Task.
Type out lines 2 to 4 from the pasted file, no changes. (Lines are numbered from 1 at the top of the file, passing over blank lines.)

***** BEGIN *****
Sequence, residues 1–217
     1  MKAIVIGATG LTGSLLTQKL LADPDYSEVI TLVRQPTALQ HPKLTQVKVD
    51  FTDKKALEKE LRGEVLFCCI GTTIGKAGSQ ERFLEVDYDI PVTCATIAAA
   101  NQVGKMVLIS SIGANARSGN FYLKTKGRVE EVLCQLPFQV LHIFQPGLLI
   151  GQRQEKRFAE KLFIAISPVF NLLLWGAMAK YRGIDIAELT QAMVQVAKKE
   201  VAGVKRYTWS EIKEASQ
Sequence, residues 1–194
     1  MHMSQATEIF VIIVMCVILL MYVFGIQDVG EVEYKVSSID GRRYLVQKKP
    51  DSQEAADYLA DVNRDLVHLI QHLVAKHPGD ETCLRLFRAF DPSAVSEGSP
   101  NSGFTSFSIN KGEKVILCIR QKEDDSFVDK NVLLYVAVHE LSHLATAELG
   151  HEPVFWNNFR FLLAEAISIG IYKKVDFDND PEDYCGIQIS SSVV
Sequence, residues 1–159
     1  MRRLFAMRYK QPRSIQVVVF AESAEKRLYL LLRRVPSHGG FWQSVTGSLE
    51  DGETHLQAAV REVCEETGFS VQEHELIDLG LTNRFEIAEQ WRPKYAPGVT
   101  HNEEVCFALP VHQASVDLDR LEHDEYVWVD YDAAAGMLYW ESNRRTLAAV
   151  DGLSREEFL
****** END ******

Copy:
     1  MKAIVIGATG LTGSLLTQKL LADPDYSEVI TLVRQPTALQ HPKLTQVKVD
    51  FTDKKALEKE LRGEVLFCCI GTTIGKAGSQ ERFLEVDYDI PVTCATIAAA
   101  NQVGKMVLIS SIGANARSGN FYLKTKGRVE EVLCQLPFQV LHIFQPGLLI